Relatively short-term correlation among deformation, degassing, and seismicity: a case study from Concepcion volcano, Nicaragua
Journal article, 2014
Concepcion is a frequently active composite volcano in Nicaragua, and is located on Ometepe Island, within Lake Nicaragua. Significant eruptive activity took place at this volcano between March and May 2010, consisting of ash and gas explosions (VEI 1-2). We compare geodetic baseline changes observed with global positioning system (GPS), sulfur dioxide flux (SO2), and seismic amplitude (SAM) data collected at Concepcion during April - June, 2010, and February - April, 2011. Time series analysis reveals a remarkable correlation among the data sets during 2010, when the volcano was erupting. In contrast, the volcano was at its background level of activity in 2011 and the statistical correlation among the time series is not significant for this period. We explain the emergence of correlation among the time series during eruptive activity through modeling of the GPS data with emplacement of a magma column in an open conduit. In the model, magma rose in the conduit, between May 5 and 14, 2010, from a shallow reservoir located at similar to 1.8 km depth. Later, between May 24 and 31, 2010, the top of the magma column descended to almost 600m depth, corresponding to the cessation of eruptive activity. Thus, cross-correlation and an integrated analysis of these geophysical time series on a timescale of days helps to reveal the dynamics of the magma plumbing system operating below Concepcion volcano.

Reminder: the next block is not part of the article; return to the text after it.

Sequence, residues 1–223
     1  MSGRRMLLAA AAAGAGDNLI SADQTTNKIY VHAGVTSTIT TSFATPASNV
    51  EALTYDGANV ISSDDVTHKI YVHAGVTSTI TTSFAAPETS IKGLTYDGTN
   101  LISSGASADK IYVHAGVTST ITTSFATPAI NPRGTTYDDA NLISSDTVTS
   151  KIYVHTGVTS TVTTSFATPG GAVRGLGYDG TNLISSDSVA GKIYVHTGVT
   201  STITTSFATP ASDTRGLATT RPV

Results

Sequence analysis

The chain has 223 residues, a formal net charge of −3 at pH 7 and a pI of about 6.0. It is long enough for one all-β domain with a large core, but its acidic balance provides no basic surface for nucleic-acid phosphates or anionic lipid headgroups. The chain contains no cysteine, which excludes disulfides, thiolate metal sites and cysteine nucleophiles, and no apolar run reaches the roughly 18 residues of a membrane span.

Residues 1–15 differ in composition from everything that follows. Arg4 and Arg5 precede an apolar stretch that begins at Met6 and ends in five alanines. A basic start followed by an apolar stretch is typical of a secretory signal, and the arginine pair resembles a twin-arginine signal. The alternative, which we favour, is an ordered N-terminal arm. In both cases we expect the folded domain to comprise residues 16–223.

Seismic amplitude measurement